Documenting the problem you’re solving in a design brief is a key step in the user-centered design process. By agreeing to an initial design approach, you can focus strategically and make sure the whole team is moving in the right direction.
Define the problem to help show the potential return on investment
As we’ve emphasized before, it’s important to define the problem without forcing it to fit a proposed solution.
Sometimes the problem that is presented at the beginning of a project turns out to have deeper causes. The true problem that needs to be solved often reveals itself when we observe users.
The earlier in the process that we can identify the true problem, the better. However, it can take some initial prototyping and testing to reveal what users are actually doing and what they need.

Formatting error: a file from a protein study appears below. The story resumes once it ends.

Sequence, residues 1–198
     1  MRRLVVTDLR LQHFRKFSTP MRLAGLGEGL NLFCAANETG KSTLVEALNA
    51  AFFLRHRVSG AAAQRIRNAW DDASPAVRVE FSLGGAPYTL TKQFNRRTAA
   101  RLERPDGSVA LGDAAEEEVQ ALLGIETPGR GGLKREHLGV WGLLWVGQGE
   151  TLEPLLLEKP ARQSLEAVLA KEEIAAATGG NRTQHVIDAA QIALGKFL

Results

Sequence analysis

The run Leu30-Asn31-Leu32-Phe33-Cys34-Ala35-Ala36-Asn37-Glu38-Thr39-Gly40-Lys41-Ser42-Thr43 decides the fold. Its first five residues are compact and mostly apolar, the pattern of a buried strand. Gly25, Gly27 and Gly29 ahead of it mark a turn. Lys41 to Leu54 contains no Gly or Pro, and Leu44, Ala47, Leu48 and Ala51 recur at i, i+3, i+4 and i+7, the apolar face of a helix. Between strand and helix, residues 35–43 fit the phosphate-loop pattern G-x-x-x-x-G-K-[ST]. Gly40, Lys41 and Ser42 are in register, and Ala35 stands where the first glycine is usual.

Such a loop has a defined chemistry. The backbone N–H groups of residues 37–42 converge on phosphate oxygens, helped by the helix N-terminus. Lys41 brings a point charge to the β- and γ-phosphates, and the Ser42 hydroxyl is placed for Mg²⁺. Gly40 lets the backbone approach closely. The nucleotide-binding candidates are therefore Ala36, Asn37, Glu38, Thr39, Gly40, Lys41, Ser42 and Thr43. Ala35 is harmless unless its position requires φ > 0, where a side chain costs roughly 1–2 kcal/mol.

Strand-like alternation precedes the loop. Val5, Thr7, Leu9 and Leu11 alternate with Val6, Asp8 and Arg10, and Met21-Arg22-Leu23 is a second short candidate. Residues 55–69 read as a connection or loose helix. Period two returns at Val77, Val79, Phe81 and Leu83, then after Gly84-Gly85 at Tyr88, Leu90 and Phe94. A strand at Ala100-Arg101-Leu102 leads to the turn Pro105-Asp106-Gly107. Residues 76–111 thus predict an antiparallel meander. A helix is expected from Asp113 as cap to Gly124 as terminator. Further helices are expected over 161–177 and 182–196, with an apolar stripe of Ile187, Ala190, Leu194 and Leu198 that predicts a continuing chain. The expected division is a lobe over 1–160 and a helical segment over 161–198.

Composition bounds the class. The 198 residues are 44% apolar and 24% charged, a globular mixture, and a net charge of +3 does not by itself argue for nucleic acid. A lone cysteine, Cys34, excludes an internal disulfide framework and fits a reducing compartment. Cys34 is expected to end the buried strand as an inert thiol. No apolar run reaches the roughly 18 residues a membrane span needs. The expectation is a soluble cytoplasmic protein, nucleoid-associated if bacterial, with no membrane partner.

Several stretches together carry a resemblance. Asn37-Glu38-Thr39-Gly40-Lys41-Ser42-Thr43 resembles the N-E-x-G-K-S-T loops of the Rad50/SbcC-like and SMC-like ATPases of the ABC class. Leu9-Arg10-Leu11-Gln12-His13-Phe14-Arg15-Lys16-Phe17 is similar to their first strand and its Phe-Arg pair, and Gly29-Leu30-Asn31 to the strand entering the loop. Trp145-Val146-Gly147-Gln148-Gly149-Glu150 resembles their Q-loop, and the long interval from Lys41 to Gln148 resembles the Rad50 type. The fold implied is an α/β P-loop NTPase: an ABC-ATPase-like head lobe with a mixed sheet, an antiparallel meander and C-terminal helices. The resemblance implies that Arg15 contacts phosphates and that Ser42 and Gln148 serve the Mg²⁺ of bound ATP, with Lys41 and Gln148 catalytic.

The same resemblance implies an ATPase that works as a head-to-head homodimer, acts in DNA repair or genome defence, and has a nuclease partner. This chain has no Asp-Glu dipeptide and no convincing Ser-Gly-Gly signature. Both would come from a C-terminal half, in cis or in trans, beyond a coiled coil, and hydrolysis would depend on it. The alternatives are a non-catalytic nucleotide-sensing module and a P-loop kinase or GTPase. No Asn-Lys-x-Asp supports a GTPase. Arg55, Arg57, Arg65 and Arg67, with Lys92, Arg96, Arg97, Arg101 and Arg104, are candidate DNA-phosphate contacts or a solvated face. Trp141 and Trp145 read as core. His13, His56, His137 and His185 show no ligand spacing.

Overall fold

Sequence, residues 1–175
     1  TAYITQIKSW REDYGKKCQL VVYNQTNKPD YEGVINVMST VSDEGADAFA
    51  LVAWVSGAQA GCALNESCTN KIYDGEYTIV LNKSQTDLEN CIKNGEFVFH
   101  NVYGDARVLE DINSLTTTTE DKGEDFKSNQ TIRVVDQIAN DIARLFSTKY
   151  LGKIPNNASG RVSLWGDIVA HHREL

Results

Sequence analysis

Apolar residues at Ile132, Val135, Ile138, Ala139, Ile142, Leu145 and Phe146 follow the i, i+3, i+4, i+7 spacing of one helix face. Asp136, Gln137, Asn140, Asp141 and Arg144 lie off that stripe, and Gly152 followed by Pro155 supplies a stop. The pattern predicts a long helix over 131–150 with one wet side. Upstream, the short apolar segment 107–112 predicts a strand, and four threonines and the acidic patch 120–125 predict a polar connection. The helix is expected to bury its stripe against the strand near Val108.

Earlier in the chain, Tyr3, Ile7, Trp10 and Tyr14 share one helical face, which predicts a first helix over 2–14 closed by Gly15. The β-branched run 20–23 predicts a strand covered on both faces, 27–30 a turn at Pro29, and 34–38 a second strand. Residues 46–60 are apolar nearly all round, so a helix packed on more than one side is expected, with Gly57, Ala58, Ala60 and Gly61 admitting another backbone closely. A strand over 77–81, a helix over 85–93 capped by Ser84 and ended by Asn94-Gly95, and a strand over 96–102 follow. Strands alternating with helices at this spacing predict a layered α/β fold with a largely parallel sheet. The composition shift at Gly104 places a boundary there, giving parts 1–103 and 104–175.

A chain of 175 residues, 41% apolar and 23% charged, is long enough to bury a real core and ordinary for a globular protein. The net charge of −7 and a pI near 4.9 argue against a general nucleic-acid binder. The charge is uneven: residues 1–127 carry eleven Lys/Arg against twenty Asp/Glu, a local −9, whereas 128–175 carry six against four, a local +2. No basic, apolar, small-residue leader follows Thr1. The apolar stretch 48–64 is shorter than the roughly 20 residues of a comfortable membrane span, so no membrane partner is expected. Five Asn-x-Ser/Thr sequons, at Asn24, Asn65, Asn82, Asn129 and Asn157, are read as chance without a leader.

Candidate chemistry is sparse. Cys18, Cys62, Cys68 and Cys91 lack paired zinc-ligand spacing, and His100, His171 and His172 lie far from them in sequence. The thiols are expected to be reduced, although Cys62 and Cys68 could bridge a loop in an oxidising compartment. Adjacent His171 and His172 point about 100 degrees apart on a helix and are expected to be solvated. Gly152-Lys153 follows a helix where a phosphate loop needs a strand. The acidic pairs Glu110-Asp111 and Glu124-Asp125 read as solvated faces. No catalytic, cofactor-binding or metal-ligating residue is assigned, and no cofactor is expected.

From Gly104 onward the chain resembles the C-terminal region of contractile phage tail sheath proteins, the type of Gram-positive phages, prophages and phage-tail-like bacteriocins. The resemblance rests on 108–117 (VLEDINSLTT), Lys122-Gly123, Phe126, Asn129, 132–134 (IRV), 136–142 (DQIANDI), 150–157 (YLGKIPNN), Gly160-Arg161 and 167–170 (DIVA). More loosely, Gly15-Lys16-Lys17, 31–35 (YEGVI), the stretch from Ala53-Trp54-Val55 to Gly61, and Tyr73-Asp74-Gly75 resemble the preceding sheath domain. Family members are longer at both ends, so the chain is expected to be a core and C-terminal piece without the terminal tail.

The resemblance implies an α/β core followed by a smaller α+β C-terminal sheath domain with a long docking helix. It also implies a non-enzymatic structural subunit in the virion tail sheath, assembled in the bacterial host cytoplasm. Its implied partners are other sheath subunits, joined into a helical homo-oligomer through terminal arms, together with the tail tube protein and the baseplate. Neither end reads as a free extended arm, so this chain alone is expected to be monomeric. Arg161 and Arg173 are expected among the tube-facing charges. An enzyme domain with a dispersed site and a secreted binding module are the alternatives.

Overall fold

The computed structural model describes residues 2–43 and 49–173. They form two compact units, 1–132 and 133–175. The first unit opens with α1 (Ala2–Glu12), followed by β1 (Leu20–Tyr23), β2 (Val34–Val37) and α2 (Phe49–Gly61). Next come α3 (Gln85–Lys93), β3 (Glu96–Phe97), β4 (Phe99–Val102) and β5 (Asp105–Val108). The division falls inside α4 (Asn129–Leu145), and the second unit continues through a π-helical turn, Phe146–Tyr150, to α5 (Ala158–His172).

With a clear definition of the problem, we can investigate the potential return on investment for the project. Who has this problem? What are they currently doing to try to solve it?
Prepare a design brief for all team members and stakeholders
How collaboration plays in to user-centered design
All team members and stakeholders should contribute to, understand, and agree to use the design brief moving forward. With this agreed-upon design brief, the whole team moves in the right direction.
The design brief is just one of many tools we use in our collaborative, user-centered approach to product design. All stakeholders and teams are involved early in the process with ongoing communication.
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About the author
Maude Leclerc-De Guire is a UX designer who is passionate about finding creative solutions that help people with their daily lives. As an experienced member of the NOVO design team, Maude champions the user throughout the product development process.